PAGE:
Article Text

Efficacy of pharmacological treatment in rheumatoid arthritis: a systematic literature research informing the 2019 update of the EULAR recommendations for management of rheumatoid arthritis
  1. Andreas Kerschbaumer1,
  2. Alexandre Sepriano2,3,
  3. Josef S Smolen1,
  4. Désirée van der Heijde2,
  5. Maxime Dougados4,
  6. Ronald van Vollenhoven5,
  7. Iain B McInnes6,
  8. Johannes W J Bijlsma7,
  9. Gerd R Burmester8,
  10. Maarten de Wit9,
  11. Louise Falzon10,
  12. Robert Landewé5
  1. 1 Medical University of Vienna, Vienna, Austria
  2. 2 Leiden University Medical Center, Leiden, The Netherlands
  3. 3 NOVA Medical School, Universidade Nova de Lisboa, Lisbon, Portugal
  4. 4 Hospital Cochin, Paris, France
  5. 5 Amsterdam Rheumatology Center, Amsterdam, The Netherlands
  6. 6 University of Glasgow, Glasgow, UK
  7. 7 University Medical Center Utrecht, Utrecht, The Netherlands
  8. 8 Charité – University Medicine Berlin, Berlin, Germany
  9. 9 EULAR Standing Committee, Zurich, Switzerland
  10. 10 Northwell Health, New York, New York, USA
  1. Correspondence to Dr Andreas Kerschbaumer, Division of Rheumatology, Department of Medicine 3, Medical University of Vienna, Vienna, Austria; andreas.kerschbaumer{at}


Objectives To inform the 2019 update of the European League against Rheumatism (EULAR) recommendations for the management of rheumatoid arthritis (RA).

Methods A systematic literature research (SLR) to investigate the efficacy of any disease-modifying antirheumatic drug (DMARD) (conventional synthetic (cs)DMARD, biological (b) and biosimilar DMARD, targeted synthetic (ts)DMARD) or glucocorticoid (GC) therapy in patients with RA was done by searching MEDLINE, Embase and the Cochrane Library for articles published between 2016 and 8 March 2019.

Results 234 abstracts were selected for detailed assessment, with 136 finally included. They comprised the efficacy of bDMARDs versus placebo or other bDMARDs, efficacy of Janus kinase (JAK) inhibitors (JAKi) across different patient populations and head-to-head of different bDMARDs versus JAKi or other bDMARDs. Switching of bDMARDs to other bDMARDs or tsDMARDs, strategic trials and tapering studies of bDMARDs, csDMARDs and JAKi were assessed. The drugs evaluated included abatacept, adalimumab, ABT-122, baricitinib, certolizumab pegol, SBI-087, CNTO6785, decernotinib, etanercept, filgotinib, golimumab, GCs, GS-9876, guselkumab, hydroxychloroquine, infliximab, leflunomide, mavrilimumab, methotrexate, olokizumab, otilimab, peficitinib, rituximab, sarilumab, salazopyrine, secukinumab, sirukumab, tacrolimus, tocilizumab, tofacitinib, tregalizumab, upadacitinib, ustekinumab and vobarilizumab. The efficacy of many bDMARDs and tsDMARDs was shown. Switching to another tumour necrosis factor inhibitor (TNFi) or non-TNFi bDMARDs after TNFi treatment failure is efficacious. Tapering of DMARDs is possible in patients achieving long-standing stringent clinical remission; in patients with residual disease activity (including patients in LDA) the risk of flares is increased during the tapering. Biosimilars are non-inferior to their reference products.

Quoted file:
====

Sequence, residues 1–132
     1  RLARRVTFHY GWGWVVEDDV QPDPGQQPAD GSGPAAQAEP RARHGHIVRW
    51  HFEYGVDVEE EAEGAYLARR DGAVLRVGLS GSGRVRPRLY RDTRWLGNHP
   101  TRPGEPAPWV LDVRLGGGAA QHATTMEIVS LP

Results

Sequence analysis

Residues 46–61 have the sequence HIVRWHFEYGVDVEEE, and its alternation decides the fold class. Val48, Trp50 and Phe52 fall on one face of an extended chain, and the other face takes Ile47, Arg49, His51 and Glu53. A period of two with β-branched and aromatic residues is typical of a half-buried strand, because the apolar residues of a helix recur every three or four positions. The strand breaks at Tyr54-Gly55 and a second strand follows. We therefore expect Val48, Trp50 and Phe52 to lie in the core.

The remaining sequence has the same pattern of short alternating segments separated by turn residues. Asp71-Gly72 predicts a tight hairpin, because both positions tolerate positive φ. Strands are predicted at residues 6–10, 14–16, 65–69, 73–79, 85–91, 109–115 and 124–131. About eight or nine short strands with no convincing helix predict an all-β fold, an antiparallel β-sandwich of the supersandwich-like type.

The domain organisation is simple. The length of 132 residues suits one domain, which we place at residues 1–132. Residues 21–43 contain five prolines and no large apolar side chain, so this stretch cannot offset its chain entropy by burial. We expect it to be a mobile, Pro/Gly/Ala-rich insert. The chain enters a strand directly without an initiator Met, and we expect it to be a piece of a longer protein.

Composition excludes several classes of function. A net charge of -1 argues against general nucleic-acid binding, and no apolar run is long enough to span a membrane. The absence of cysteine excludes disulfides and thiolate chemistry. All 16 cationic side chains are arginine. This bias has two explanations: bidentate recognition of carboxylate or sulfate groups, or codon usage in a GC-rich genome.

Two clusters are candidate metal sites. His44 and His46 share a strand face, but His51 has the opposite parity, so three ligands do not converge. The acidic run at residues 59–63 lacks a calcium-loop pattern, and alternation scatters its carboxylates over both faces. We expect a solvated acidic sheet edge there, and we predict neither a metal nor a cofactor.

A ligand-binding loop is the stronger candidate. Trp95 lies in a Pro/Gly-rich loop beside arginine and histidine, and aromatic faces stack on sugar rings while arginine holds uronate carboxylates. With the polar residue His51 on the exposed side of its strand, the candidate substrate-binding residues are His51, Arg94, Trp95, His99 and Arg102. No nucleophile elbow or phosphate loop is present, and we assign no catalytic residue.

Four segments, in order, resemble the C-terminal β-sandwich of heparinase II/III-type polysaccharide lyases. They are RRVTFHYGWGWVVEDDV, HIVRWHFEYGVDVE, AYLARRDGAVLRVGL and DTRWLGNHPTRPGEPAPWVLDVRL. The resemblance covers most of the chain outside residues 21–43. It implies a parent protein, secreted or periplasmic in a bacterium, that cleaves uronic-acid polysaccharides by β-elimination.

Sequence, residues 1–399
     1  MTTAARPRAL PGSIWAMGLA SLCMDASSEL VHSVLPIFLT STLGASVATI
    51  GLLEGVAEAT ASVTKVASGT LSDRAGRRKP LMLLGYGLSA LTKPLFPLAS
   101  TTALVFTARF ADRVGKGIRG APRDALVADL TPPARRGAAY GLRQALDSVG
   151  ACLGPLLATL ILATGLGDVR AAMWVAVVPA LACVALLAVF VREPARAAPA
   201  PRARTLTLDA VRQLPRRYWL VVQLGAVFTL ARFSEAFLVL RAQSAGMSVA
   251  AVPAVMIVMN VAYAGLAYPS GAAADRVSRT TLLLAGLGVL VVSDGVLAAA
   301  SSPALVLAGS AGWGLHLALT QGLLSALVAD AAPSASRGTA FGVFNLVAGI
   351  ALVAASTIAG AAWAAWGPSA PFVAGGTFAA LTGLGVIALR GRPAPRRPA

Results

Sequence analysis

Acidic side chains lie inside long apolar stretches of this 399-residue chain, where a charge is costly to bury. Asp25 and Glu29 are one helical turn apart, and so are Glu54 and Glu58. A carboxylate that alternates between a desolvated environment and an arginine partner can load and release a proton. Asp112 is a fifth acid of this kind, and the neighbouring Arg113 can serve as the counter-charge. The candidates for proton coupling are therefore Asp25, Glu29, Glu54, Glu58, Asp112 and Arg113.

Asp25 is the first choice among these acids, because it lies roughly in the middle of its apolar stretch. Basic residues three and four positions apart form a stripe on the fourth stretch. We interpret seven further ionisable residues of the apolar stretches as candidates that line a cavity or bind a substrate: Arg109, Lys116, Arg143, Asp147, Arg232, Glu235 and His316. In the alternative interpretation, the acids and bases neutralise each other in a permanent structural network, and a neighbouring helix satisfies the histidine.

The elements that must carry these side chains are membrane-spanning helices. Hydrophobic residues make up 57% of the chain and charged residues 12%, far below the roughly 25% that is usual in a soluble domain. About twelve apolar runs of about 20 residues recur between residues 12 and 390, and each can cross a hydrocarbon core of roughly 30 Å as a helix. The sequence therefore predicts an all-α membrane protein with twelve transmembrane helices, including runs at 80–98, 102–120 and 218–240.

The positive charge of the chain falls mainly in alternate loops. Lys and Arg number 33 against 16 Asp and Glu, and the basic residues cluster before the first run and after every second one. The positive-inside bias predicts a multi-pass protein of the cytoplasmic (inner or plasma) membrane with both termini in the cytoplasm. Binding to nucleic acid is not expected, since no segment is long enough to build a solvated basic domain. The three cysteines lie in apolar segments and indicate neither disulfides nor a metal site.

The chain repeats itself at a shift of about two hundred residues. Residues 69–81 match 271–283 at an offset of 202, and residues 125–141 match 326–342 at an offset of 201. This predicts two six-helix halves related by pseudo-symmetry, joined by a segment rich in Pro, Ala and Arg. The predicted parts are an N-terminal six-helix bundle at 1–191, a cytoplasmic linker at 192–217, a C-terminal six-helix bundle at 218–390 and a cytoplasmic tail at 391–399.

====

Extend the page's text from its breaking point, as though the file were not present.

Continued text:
Conclusion This SLR informed the task force regarding the evidence base of various therapeutic regimen for the development of the update of EULAR’s RA management recommendation.

  • rheumatoid arthritis
  • DMARDs (biologic)
  • DMARDs (synthetic)
  • anti-TNF

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Key messages

What is already known about this subject?

  • Since the 2016 update of the recommendations for the management of rheumatoid arthritis (RA), the body of evidence has grown vividly. Therefore, this systematic literature research (SLR) was performed to inform the 2019 European League against Rheumatism (EULAR) task force with the summarised evidence on efficacy of conventional and targeted synthetic disease-modifying antirheumatic drugs (DMARDs), biological DMARDs and glucocorticoids.

What does this study add?

  • Trials comparing biological DMARDs have shown similar efficacy, regardless of the underlying mode of action.

  • Head-to-head trials between Janus kinase (JAK) inhibitors (JAKi) and tumour necrosis factor inhibitor inhibitors did not reveal clinically important differences in efficacy.